Potato industry battles declining demand
SPOKANE — The potato industry will promote unusual sizes, shapes and colors of potatoes — and their healthful benefits — as growers and marketers try to reverse a downward trend in consumer demand.
Per-capita consumption has been decreasing since the 1990s at a rate of 1 percent per year, said Jeff Bragg, vice president of Meijer North America, which operates grocery stores in the Midwest.
Bragg was one of several speakers during a utilization and marketing symposium at the Potato Association of America meeting in Spokane.
“Potatoes are suffering from the ‘three B blight’ — big, bland and boring,” said Angela Santiago, CEO and co-founder of The Little Potato Co. in Edmonton, Alberta. “You put a regular potato on a plate, and nobody’s getting too excited. We need to make potatoes interesting again, we need to get people excited.”
Consultant and University of Idaho emeritus professor Joseph Guenthner said consumption has decreased due to the perception that potatoes are unhealthful and a lack of convenience in potato products.
Bragg shared a stack of food and health magazines to demonstrate that there were very few articles talking about potatoes or potato recipes.
“Potatoes are one of the leading causes for obesity, and they are zero percent fat — that does not make a lot of sense to me,” Bragg said.
Guenthner said the industry needs to determine how to find its way into the stomachs of American consumers.
He cited recent developments, like the use of fresh-cut potatoes for fries and advertising which farm the fries came from at the Five Guys hamburger chain and Potato Flats, a restaurant in Dallas, Texas, that serves a potato bar meal atop a flattened potato.
Santiago said the consumer market has less home cooking and fewer home cooking skills, higher interest in convenience and fresh nutrition options. Consumers are also looking for smaller sizes and a small environmental footprint, she said.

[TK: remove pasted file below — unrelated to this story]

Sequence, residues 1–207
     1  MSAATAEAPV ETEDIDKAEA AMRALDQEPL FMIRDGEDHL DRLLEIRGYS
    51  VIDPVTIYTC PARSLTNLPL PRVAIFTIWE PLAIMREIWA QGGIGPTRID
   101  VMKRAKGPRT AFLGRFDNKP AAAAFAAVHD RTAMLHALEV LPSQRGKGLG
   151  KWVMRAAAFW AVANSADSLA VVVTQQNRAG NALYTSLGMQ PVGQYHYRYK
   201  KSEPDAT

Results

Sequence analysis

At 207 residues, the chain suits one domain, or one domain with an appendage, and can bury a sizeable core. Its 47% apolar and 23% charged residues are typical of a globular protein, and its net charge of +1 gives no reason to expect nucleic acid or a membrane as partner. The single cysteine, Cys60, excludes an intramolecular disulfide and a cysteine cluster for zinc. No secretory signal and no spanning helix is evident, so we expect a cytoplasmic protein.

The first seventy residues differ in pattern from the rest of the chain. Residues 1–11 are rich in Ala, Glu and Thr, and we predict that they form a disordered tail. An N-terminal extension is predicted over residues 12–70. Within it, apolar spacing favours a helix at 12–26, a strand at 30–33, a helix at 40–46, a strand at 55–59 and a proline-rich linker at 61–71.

Her company developed new potato products using smaller, creamer potatoes, fingerlings and blue and purple potatoes. The products include microwave-ready and grill-ready kits.
“There are thousands of potato varieties, shapes, sizes, colors and tastes that North Americans have never experienced before,” Santiago said. “Consumers want to see new and interesting products, and we’re committed to delivering.”
Santiago said the biggest difficulty has been having enough inventory to meet the high demand for her company’s offerings.
Bragg compared the many varieties of potatoes to the varieties of wine, apples and table grapes.
“They’re all being written about, described and enjoyed,” he said. “Potatoes are the health food of the present and the future, and we don’t get it out. We have a big opportunity ahead of us.”
Santiago’s company uses a three-pronged approach — exposure, excitement and education.
“We want to get in front of as many people as we can, through as many channels as we strategically can manage,” she said. “We see a future where potatoes are again full of flavor, bursting with nutrition and the centerpiece of every wholesome meal.”
Potato Association of America: http://potatoassociation.org
The Little Potato Company: www.littlepotatoes.com
Potato Flats: www.potatoflats.com